In the chart above, the blue bar represents number of “cabins” sold — 19. Supply of these properties can vary greatly year-to-year, but when available, sell very well.
The red line, on a separate axis (see right side of the chart) represents the price trend. Not surprisingly, the prices for cabins has been on the rise over the past few years. Some of that can be attributed to renovations, some can be attributed to increased demand.
The average price for cabin properties on Lake Wylie rose to almost $440,000. The average size of the cabin was 1,179 square feet. Often times cabins are located on premium waterfront lots, with nice views — which impacts the price. The potential use of the property also comes into play when pricing a cabin. Predating our current shoreline restrictions on Lake Wylie, some cabin properties can be used as a future building site for a larger home, but some cannot. A Lake Wylie expert (e.g. The Lake Wylie Man!!) can advise potential sellers and buyers on these very important considerations.
Geographic Sales on Lake Wylie
Lake Wylie is different than many lakes in that it is located in 2 states and 3 counties, with different regulations and considerations for each area.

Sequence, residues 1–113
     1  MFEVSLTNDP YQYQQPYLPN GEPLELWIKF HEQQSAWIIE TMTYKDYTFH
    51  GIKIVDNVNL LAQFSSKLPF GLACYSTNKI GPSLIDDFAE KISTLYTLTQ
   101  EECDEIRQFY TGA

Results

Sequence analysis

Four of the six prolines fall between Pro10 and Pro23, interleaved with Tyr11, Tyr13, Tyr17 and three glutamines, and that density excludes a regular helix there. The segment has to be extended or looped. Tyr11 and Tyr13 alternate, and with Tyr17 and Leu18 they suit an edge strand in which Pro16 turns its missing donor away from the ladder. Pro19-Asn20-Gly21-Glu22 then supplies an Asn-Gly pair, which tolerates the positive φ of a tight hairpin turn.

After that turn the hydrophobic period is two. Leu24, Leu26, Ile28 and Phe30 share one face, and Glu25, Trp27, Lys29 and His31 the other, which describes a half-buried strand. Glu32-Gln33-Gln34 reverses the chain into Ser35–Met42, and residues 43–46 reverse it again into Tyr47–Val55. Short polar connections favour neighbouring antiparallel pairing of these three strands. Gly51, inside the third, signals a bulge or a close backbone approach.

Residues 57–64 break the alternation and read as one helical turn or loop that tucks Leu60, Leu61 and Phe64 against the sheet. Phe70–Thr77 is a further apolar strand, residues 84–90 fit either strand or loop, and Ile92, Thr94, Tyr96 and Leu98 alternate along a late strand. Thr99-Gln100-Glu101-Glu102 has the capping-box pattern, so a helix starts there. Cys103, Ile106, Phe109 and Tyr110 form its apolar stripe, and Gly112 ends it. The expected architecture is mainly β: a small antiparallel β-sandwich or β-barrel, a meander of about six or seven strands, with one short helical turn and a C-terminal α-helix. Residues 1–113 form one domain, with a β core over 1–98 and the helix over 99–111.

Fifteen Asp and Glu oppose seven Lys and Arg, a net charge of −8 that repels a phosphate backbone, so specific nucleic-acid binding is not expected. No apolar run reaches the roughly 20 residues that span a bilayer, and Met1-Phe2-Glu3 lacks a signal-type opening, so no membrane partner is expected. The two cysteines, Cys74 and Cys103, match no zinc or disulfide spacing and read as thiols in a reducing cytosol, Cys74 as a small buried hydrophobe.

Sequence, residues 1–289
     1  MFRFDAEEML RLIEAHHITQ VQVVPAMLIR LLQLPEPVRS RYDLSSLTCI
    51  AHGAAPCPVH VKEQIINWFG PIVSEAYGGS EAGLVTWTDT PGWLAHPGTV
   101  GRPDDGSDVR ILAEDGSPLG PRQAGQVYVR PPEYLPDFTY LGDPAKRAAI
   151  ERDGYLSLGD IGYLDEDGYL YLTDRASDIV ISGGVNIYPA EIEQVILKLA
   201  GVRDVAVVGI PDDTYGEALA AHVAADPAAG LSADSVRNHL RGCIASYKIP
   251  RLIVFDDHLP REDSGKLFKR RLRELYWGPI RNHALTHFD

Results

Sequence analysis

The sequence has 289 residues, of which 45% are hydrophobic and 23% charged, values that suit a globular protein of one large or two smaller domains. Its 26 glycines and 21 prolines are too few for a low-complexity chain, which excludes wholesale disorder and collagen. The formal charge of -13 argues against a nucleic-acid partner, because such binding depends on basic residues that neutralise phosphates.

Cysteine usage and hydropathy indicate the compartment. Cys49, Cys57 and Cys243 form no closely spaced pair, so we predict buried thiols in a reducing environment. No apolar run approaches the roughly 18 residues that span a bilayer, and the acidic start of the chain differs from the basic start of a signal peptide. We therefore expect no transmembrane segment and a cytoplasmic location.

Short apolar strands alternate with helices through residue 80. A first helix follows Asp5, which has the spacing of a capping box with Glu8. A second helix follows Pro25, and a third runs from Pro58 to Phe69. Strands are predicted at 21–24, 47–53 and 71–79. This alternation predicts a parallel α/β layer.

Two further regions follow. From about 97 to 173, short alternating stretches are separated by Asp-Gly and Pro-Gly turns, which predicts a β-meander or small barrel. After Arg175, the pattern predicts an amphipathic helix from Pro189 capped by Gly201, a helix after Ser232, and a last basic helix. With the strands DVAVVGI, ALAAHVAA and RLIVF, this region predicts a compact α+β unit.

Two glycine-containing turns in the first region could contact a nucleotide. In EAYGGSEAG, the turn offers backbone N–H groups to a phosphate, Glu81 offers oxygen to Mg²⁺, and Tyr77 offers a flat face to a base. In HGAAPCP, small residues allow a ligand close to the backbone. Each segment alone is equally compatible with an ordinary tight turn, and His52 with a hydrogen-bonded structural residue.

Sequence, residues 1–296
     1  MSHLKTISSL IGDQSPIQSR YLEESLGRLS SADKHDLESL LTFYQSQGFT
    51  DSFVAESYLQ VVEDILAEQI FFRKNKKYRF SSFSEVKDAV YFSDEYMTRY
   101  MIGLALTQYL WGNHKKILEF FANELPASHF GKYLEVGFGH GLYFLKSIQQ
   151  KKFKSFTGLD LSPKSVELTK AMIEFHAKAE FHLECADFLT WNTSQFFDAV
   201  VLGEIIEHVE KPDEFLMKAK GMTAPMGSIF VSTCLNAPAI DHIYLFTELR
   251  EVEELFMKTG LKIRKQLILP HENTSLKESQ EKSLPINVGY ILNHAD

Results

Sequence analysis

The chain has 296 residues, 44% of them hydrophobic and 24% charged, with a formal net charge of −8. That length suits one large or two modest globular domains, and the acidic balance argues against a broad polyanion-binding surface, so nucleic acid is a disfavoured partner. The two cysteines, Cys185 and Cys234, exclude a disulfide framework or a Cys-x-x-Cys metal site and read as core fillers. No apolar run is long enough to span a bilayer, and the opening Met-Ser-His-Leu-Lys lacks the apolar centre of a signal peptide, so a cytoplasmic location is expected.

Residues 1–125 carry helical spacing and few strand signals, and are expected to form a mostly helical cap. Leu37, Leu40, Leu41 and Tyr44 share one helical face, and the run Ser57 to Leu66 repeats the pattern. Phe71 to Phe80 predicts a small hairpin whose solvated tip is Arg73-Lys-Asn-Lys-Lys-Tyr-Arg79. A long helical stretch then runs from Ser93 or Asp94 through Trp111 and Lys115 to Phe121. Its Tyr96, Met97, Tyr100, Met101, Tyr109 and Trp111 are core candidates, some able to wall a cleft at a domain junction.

In 2020, sales for waterfront homes by area were as follows:
The sales were split evenly by state in 2020, with half in NC (Belmont & Charlotte) and half in SC. The highest average price was in York, at $925,000. The lowest average price was in Tega Cay/Fort Mill, at just under $725,000.
Compared to 2019, Charlotte had the largest gain in sales in 2020, increasing to 32% share of the market from 21% share a year ago. Tega Cay, Lake Wylie and Rock HIll all dropped in share. However, 2020 was a year heavily driven by supply. With such low supply (listing) levels across the board, some buyers bought what was available, even if the location wasn’t necessarily their first choice.
With 2020 being such a very strange year, we have to be careful in making assumptions of trends based on activity during the year!
Waterfront lot sales (dockable) broke out as follows:
There were no dockable lots sold in Rock HIll or Tega Cay — the most developed parts of the lake, where little raw land still exists.
Charlotte and Belmont represent the bulk of land sales in 2020. In Charlotte, there were several sales in The Sanctuary, which pulled up average price considering the high acreage tracts. There were also a number of sales in the Palisades area.
In Belmont, sales were scattered in Reflection Pointe, McLean, and a few in other neighborhoods such as Misty Waters, Woodland Bay, and others.